Partnership Financing: Self-Help for the Poor

THE MALAYSIAN GOVERNMENT recently set up a special trust found to give interest-free loans to the hard-core poor. The hard-core poor is identified as a family of five persons that earns less than RM350 per month. There are three commercial banks which have taken responsibility to provide the interest-free loans to this group: Maybank, Bumiputra Bank and MBF Finance. The interest-free loans given are meant to involve them in small businesses and other economic activities which can help them increase their income.

The creation of this special trust fund is good news indeed, for credit to these people is quite important for survival, especially since we are living in the age of credit. Truly, credit operations have penetrated deeply across the lives of individuals, families, businesses and nations. It is, therefore, a duty of and a challenge to the bankers and financial experts to work out a comprehensive and workable solution to the problem of credit which is the other side of the lending operations based on interest charged under numerous deceptive terms.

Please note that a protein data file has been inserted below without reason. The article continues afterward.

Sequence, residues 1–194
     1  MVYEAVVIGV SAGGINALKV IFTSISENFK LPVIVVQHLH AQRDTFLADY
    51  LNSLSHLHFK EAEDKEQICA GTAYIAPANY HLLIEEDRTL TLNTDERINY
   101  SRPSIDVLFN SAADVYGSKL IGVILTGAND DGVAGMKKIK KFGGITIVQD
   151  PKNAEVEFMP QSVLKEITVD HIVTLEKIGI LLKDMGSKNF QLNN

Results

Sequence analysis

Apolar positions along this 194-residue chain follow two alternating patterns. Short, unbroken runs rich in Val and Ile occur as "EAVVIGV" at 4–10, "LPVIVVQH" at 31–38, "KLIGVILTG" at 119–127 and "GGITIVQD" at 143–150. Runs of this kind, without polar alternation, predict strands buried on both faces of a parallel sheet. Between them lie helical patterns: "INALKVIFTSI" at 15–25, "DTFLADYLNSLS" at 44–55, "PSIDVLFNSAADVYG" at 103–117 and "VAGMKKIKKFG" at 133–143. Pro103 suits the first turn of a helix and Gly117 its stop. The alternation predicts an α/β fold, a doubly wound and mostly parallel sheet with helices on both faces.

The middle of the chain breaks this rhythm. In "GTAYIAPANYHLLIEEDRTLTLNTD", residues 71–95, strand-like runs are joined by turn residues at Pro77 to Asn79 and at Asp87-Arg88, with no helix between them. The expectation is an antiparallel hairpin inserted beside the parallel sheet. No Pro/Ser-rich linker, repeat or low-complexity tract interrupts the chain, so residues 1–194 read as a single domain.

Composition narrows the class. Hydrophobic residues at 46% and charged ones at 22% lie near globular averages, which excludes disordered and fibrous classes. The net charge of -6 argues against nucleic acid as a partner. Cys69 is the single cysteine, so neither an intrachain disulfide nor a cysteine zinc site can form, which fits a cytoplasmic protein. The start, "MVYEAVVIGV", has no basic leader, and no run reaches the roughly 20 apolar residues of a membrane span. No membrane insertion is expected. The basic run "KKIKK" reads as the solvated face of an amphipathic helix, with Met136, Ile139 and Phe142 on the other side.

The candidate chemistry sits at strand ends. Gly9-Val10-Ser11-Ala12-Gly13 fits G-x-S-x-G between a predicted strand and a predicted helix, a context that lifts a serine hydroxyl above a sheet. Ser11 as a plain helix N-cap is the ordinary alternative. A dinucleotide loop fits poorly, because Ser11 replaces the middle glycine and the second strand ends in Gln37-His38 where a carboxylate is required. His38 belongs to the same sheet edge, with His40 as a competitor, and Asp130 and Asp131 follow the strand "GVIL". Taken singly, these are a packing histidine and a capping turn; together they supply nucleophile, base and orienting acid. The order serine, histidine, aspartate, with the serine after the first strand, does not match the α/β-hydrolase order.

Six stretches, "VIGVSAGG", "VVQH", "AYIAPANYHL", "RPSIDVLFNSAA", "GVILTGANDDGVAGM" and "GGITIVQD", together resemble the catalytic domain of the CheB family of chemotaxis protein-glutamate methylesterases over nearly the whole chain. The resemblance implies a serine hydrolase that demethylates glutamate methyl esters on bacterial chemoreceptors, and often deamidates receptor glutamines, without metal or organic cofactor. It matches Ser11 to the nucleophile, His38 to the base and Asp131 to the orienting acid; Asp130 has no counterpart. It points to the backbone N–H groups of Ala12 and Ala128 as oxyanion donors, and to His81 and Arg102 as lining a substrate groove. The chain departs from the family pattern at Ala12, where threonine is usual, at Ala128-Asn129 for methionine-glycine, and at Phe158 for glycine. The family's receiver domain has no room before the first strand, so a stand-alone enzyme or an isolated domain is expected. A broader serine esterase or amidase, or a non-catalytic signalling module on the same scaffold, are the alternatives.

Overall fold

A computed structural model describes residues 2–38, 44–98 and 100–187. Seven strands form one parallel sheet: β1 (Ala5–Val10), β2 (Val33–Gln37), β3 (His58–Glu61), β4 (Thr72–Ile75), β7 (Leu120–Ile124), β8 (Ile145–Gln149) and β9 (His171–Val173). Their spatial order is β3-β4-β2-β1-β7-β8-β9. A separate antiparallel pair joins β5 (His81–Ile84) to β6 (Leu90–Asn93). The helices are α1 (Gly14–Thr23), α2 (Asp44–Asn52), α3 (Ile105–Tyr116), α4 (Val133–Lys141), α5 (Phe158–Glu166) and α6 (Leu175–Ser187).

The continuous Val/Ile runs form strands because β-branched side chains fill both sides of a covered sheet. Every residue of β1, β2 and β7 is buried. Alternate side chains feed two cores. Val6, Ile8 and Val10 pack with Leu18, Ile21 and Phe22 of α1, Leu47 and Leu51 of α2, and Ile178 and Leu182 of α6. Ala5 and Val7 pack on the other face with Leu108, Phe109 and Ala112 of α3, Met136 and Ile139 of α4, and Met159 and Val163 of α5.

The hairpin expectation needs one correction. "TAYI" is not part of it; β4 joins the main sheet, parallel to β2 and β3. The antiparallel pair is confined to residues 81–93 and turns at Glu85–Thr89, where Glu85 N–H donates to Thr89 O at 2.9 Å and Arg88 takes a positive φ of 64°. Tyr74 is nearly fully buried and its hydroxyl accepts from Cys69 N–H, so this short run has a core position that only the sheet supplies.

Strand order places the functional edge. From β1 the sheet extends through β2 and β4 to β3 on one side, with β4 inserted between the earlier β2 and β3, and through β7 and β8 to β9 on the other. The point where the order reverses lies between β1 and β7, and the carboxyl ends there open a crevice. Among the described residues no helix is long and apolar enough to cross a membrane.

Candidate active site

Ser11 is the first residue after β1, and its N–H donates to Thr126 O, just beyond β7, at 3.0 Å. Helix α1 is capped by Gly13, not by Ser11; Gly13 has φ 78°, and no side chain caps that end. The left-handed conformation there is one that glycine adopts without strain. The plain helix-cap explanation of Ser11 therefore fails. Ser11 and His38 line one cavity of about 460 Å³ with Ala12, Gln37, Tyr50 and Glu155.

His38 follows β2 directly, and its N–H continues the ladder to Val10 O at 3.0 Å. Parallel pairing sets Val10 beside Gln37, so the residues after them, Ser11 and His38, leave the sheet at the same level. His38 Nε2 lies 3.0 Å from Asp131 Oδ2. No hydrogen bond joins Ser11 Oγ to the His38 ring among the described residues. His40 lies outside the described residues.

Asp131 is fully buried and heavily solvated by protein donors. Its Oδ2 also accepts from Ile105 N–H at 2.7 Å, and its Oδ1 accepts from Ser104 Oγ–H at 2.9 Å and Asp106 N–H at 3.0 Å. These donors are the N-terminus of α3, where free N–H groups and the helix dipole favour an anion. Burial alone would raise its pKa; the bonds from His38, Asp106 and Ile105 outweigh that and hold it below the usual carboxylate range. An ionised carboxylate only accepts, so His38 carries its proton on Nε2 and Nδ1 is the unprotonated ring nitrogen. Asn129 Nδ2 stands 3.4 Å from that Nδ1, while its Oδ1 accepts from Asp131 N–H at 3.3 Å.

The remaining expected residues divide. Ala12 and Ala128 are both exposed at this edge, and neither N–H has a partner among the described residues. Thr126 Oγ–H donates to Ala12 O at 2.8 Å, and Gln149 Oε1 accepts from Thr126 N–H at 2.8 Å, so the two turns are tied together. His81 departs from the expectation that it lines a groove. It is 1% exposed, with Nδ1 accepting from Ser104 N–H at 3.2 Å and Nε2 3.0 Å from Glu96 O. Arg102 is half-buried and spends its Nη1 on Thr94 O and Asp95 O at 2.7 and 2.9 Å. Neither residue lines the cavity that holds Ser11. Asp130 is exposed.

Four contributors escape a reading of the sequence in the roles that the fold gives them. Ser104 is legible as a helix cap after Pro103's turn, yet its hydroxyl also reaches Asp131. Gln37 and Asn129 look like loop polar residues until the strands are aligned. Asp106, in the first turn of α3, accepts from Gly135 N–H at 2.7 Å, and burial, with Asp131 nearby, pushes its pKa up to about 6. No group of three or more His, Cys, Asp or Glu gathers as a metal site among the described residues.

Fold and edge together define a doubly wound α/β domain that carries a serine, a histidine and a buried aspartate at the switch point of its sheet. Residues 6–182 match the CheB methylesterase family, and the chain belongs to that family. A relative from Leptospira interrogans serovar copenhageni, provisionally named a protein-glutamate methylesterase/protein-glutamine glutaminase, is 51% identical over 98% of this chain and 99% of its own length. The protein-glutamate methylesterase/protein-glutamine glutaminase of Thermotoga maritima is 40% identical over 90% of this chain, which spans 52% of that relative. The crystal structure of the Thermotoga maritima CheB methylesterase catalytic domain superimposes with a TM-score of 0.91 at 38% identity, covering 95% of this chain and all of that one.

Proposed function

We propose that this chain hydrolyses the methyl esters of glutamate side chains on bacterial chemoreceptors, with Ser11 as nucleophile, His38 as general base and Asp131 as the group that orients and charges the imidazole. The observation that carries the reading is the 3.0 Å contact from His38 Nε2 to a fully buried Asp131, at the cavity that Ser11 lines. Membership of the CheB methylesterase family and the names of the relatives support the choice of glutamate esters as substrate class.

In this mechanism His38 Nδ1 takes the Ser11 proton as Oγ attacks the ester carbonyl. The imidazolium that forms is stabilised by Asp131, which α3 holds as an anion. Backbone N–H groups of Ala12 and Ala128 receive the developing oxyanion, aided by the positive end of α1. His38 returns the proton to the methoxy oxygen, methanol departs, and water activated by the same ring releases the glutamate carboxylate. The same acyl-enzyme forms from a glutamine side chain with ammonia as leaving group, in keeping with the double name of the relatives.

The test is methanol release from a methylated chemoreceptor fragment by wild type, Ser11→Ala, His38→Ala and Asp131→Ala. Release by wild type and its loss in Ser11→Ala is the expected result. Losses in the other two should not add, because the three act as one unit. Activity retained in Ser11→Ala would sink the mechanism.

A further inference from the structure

The question that needs asking is, what will be the practical steps to effective utilization of the special trust fund. No doubt, the objective must be clear, that is, poverty alleviation in the country. And since the task of alleviation of poverty is scarcely an easy one, the strategy for implementing this programme must be clear. Consider, for instance, the following strategic plan.

Step One

The appointed project manager must identify the poor people. A taskforce should be formed and terms of reference should be clearly defined in order to carry out a feasibility study on the grass-root problems of the poor. This step will help avoid mismanagement of fund allocation even among the poor people. In fact priority must be given to those who are extremely in need of money.